As a child whose father was a congregational rabbi, I heard the tragic story of Rabbi Morris Adler who was shot and murdered on his own bimah, in his synagogue in Detroit on a Shabbat morning in 1966.
While this was quite disturbing, I was able to file it away as it seemed far in the past, something that would not happen again.
Then, in recent years, as the epidemic of gun violence and mass shootings has increased alarmingly, some of that sense of security has begun to shatter.
The tragic and devastating attack on the Conservative synagogue in Pittsburgh six months ago changed our experience even more.
And then learning last Shabbat about the attack on a Chabad outside San Diego in Poway, California reminded me that we live in a different time.
We live in a time of increased hatred that encourages alienated people – mostly young white men – to act out in horrifically violent ways.
So, this Shabbat as we gather and read Parashat Aharei Mot, the Torah reading that comes after the tragic deaths of Aaron’s sons, let us try to understand this moment after another attack and murder in a synagogue.
There are lessons:
First, we can do much more to end the scourge of gun violence. For example, over 90% of Americans support universal background checks, but the NRA and some politicians have blocked that. We must all do more to enact that and other common-sense legislation.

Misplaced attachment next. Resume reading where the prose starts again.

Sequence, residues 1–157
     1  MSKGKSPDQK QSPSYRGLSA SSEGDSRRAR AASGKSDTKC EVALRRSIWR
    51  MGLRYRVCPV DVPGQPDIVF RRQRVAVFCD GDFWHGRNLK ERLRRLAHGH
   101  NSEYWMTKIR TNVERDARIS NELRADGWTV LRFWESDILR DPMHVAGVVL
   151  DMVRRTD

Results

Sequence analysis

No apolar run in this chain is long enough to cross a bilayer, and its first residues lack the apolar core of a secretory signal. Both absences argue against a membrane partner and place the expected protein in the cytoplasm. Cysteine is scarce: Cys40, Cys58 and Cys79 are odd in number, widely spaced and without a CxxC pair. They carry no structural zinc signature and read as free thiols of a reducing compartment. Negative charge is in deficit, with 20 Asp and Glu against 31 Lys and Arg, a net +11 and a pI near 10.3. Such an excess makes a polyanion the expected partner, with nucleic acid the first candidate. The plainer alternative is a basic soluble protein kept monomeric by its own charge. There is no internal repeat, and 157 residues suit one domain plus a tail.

Second, we must recognize and fight the ideology of white supremacy that is the number one terrorist threat in the United States today.
As Professor Deborah Lipstadt wrote “do not think of the murderers in Charleston, Pittsburgh, Christchurch, San Diego (#Poway) as lone wolves. They are inspired by the same white supremacist anti semitic websites. The are no fine people here and there were none in Charlottesville.”
White nationalism is an ideology that sees Jews as controlling the levers of government, media and finance to undermine white persons. This dangerous dogma is drawn from the same thinking that led to the Shoah, the Holocaust which we also remembered this week. Most frighteningly, this hate is no longer confined to the fringes – it has moved from message boards to rallies to echoing in the halls of power. It often contain racist and anti Muslim components as well.
Third, we must realize that we here at Temple Emunah will have to do more to secure our sacred space and each other. That will require more volunteers who are trained and willing to serve as greeters and on our security committee. Please let me know if you were willing to help. It will also necessitate additional financial resources.